African focused startup Ozaremit enters airtime remittance scene with ambitious growth plans

Nigel Gambanga Avatar
Mobile money remittances, airtime purchases

Remittance services have been in the spotlight lately because of their core value proposition – facilitating foreign currency inflows which are a major pillar of support for a foreign-investment-starved Zimbabwean economy.

Some of the players in remittances, however, explore other alternatives for easing the need for finances in home countries which is what a startup called Ozaremit is out to do with its platform.

Started in the United Kingdom by two African tech entrepreneurs,  Ibrahima Soumano (a Guinean) and Takwana Tyaranini (a Zimbabwean) Ozaremit lets users buy airtime credit for recipients in 35 different African countries. Transfers are made instantly and directly to the recipient’s mobile phone and there is no need for any follow-up activation.

Ozaremit is still in its early stages (it’s been active for about 2 months) and according to the team, they have registered close to 1,000 users. Based on the rate of signups they anticipate this number to double in the next few weeks after they initiate an aggressive marketing strategy.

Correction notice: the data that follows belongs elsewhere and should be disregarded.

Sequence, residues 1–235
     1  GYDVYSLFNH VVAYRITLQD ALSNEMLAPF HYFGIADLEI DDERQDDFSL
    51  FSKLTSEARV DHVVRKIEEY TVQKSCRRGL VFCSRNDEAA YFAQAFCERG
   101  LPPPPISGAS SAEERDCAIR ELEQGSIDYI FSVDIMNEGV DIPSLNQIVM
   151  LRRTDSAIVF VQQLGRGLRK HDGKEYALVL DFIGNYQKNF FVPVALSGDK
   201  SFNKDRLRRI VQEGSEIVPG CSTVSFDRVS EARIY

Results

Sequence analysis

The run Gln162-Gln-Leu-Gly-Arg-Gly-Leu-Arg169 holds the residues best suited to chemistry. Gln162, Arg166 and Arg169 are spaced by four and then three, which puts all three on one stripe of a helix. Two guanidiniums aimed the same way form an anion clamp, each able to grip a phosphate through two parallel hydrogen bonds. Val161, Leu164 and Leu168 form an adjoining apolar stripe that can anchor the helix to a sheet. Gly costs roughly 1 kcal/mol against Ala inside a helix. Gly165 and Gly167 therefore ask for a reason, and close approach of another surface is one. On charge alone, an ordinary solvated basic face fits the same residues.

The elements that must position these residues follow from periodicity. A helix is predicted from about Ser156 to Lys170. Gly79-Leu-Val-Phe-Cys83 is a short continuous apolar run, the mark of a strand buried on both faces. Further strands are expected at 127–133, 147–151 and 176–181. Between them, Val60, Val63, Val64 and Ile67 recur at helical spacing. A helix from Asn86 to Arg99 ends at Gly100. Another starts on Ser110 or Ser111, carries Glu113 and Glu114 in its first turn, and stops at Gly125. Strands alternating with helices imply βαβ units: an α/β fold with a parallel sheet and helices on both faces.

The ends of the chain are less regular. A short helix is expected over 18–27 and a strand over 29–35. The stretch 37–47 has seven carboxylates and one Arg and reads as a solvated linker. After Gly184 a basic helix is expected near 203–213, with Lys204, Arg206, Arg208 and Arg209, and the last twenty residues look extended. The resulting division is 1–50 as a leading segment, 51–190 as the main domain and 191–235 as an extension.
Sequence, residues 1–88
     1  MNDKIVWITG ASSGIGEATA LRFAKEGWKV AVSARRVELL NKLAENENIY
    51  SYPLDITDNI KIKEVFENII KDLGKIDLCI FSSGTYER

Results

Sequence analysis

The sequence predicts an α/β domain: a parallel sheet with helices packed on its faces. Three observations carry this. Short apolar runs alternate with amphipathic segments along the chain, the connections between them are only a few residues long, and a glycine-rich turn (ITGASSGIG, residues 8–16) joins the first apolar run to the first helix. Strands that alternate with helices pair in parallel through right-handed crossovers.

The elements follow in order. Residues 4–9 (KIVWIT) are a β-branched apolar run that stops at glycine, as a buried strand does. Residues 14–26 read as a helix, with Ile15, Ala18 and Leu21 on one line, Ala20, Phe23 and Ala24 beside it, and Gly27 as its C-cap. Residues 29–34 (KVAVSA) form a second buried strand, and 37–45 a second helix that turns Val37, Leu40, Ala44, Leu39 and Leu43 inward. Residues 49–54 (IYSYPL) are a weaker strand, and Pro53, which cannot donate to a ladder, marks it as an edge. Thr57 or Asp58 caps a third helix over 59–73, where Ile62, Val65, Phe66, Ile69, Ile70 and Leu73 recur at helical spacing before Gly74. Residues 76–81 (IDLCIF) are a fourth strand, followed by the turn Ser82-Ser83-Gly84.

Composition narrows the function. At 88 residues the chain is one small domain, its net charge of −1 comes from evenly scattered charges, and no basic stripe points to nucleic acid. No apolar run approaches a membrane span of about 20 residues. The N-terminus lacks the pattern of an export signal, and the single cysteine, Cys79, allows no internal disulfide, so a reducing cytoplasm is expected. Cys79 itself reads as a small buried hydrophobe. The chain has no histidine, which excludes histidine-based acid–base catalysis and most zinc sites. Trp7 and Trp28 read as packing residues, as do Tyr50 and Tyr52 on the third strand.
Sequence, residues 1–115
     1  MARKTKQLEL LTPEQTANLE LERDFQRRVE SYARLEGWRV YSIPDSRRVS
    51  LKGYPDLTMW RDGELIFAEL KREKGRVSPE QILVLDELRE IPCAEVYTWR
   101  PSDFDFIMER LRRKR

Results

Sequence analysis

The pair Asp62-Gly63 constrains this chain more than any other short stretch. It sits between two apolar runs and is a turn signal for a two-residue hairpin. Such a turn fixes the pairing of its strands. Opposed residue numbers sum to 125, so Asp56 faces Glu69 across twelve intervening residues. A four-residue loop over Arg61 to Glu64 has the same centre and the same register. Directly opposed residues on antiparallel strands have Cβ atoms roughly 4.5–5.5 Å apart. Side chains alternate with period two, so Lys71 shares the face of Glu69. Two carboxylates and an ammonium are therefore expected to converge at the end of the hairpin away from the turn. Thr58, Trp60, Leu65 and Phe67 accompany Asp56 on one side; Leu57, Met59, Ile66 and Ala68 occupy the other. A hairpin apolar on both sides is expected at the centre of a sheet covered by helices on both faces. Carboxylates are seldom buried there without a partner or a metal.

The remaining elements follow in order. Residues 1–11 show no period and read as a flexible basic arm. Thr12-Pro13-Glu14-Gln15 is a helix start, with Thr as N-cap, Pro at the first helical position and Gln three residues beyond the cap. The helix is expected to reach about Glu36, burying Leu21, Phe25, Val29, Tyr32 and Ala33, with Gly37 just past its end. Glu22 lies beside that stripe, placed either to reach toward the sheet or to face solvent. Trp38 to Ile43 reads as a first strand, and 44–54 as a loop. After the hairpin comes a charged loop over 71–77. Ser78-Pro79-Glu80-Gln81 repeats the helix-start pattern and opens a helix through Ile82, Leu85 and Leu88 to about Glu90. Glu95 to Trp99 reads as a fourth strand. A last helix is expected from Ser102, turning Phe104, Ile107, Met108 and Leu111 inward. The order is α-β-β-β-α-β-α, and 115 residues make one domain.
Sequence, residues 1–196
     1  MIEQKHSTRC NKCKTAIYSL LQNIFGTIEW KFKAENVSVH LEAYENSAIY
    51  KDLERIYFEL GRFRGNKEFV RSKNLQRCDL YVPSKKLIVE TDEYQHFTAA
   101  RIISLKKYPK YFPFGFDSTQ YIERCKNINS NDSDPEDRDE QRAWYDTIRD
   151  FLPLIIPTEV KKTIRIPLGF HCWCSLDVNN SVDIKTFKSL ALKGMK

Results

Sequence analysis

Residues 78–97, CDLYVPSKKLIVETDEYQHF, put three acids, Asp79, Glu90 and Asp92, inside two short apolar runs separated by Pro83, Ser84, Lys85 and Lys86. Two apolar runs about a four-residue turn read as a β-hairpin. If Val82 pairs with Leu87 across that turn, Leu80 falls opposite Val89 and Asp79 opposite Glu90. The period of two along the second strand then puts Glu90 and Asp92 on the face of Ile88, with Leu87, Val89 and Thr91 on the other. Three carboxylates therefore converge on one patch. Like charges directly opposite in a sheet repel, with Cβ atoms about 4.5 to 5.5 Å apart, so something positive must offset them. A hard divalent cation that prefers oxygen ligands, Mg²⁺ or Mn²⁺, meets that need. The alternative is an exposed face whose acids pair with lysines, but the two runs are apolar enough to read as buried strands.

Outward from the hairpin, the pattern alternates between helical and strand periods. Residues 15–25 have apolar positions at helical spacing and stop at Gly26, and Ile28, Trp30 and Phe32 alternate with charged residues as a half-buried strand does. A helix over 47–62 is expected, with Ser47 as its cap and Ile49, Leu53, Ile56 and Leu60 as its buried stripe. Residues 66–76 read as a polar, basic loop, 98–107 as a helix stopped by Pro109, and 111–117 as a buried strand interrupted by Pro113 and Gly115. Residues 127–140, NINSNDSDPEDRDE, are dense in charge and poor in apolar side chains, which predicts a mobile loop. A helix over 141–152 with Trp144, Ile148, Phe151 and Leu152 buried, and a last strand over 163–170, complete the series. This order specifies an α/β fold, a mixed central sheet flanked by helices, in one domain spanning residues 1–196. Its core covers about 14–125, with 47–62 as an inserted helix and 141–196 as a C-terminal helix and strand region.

Most users of remittance services will probably recognise how Ozaremit is the same sort of service that’s offered by other multi-service remittance startups like WorldRemit and Afrocoin as one of their core offerings.

Airtime remittances are also the primary service offered by providers like AzimoPrepaid Union, Topuptosend, Orange Topup, and Digicalling Cards some of which also cater for the African market.

It’s clearly a very competitive market and it will take a lot more than just a commitment to service quality to make an impression.

Which is why the Ozaremit team has made plans to activate partnerships with retailers and small shops to allow the sending of instant mobile credit from fixed terminals and merchant Point of Sale devices. 

At a glance, this seems like another minor iteration that caters for the user who can’t access the internet.

However, with the route that Ozaremit wants to take to also offer money remittances and bill payments in its next version of the platform, this could help the service create a substantial presence through the establishment an agent network for remittances.